Farm Fresh

… Fresh on to the farm. Here is an occassional chronicle of a new family in a small town.

Eggplant

Looks like I’ll be making this soon. Natalie is bringing me some eggplant…  I imagine adding some red pepper flakes to heat things up.

Eggplant Preserved in Oil from http://eatingisforfood.blogspot.com

I have made this recipe several times and L-O-V-E it. It’s a *bit* of trouble, but mostly passive waiting time, and is a great way to use up quite a bit of eggplant in one fell swoop (read: eggplants for $1 each at the farmer’s market and I couldn’t resist)…and you also get a bonus out of this recipe: flavored dipping oil (due to the large quantity of olive oil required). The finished product makes an excellent pizza topping, pasta or salad add-in, or can simply be placed on top of toasted bruschetta (with a little goat cheese, too). You can also mash or puree the eggplant and some of the oil and additional salt and pepper together to make a quick dip. I suggest dried herbs and garlic as fresh ones can often lead to premature spoilage; feel free to adjust the herbs/spices to suit your taste. It is also very important to make sure as much excess water is expressed from the eggplant (NOTE: if you decide to roast or broil the eggplant, don’t let the “dry” appearance fool you…let cool and squeeze with a clean towel.) I have had jars of this last over a year, but I suggest 3-6 months in a cool, dark place for optimum quality.
  • 4 lbs eggplant
  • 6 Tbs cider, wine or balsamic vinegar*
  • 2-4 tsp red pepper flakes
  • 1 tsp granulated garlic
  • 2 tsp dried rosemary
  • 2 tsp dried thyme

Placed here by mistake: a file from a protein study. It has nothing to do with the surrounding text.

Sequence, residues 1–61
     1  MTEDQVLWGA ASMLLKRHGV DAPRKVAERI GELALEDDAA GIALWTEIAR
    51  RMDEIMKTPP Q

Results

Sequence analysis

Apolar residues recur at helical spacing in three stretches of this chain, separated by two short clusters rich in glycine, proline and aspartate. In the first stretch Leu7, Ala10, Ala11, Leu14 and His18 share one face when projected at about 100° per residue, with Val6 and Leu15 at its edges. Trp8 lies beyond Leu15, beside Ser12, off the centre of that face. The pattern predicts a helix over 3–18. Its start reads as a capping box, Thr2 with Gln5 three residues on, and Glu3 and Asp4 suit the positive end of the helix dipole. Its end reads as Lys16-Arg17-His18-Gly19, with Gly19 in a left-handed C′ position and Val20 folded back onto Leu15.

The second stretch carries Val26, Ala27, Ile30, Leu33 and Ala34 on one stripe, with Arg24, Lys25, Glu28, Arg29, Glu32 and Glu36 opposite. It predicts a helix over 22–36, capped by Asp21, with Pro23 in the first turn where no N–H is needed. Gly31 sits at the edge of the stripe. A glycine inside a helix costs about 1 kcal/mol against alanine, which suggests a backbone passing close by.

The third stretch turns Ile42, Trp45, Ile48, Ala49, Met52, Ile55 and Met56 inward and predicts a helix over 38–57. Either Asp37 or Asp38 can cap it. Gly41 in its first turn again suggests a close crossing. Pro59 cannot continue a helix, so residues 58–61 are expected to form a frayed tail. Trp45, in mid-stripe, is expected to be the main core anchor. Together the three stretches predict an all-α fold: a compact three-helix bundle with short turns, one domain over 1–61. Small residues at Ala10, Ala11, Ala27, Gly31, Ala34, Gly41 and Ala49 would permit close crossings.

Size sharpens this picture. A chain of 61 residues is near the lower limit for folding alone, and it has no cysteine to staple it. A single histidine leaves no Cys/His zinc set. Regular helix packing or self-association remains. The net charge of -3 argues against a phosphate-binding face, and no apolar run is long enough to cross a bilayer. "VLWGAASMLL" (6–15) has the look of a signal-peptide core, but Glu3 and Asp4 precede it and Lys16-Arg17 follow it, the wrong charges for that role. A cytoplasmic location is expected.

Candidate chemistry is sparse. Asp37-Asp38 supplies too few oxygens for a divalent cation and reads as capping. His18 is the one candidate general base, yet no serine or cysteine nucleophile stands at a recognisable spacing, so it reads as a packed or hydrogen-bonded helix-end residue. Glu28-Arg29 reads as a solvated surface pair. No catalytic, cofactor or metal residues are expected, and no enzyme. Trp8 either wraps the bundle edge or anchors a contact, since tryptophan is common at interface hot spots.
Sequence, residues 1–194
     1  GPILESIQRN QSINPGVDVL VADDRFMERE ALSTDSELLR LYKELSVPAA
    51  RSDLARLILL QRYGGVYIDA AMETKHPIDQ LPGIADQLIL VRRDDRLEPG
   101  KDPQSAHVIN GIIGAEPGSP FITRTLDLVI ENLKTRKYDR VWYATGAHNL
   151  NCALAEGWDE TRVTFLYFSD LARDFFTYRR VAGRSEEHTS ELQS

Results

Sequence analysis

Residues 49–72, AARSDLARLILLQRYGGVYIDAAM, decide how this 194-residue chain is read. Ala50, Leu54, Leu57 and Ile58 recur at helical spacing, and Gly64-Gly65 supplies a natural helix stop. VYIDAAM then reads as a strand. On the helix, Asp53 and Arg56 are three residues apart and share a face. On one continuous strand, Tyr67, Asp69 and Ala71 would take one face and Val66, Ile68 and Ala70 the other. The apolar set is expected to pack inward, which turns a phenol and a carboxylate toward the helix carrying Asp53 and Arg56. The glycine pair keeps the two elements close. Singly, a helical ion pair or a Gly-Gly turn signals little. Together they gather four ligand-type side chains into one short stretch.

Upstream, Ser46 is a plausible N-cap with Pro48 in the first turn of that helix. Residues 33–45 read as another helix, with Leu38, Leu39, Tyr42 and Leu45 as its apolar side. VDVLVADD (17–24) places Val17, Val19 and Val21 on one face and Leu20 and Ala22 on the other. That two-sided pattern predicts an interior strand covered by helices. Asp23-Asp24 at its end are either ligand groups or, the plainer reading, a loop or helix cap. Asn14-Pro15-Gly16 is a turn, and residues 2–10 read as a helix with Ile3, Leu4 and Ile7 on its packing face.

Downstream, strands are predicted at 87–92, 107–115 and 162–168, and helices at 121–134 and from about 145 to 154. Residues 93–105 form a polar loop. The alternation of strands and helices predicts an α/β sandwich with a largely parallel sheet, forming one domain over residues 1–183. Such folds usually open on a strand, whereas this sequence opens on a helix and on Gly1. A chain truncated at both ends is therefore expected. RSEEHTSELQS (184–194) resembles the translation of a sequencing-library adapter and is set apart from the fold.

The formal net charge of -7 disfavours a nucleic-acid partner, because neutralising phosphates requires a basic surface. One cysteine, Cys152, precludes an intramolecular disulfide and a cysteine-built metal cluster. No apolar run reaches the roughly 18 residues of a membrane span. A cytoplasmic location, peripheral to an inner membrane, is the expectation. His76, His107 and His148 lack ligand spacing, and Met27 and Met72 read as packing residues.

• Salt
  • Olive Oil (approx 4 cups)
Trim eggplant of stem and blossom end and rinse well; you can peel the skin off at this point, but the end product will be much softer and probably even disintegrate quite a bit–the skin actually becomes rather soft so I always leave it on. Slice or cube (I prefer slices as they can be left whole or chopped up later on). Layer in a large bowl or pan, and sprinkle layers liberally with salt. Let sit at least 2 hours or overnight. Blanch eggplant for 2-3 minutes in boiling water (alternatively, roast or broil at 450 deg. F for 6-8 minutes on each side, careful not to burn). Drain in colander and press or squeeze out as much excess moisture as possible. One good way to do this is set a plate on top of the eggplant and weight it down with something heavy, a stack of bowls, a jug of juice, but also press down on it; alternatively, squeeze COOLED eggplant pieces in a clean tea towel (not your nicest one, though, as it will stain).

*This is merely a flavor preference, although the balsamic will definitely darken the final product more than the other options.

In a large bowl, combine vinegar and spices. Toss drained eggplant pieces in vinegar mixture to coat. Spoon into sterilized jars (do not pack!), leaving 1/2-inch headspace (note: these do NOT have to be sealing canning jars). Pour olive oil over eggplant to cover by 1/4-inch. Carefully slide a butter knife along the edges of the jars, pressing inward gently, to release any air bubbles.
After eggplant has cooled, place lids on jars and leave jars in the sun for 10-12 days, shaking gently each day to distribute the flavorings.

Eat now or let sit.  Use a good vegetable oil if you want to keep it for a long time- up to a year.

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Filed under: Food

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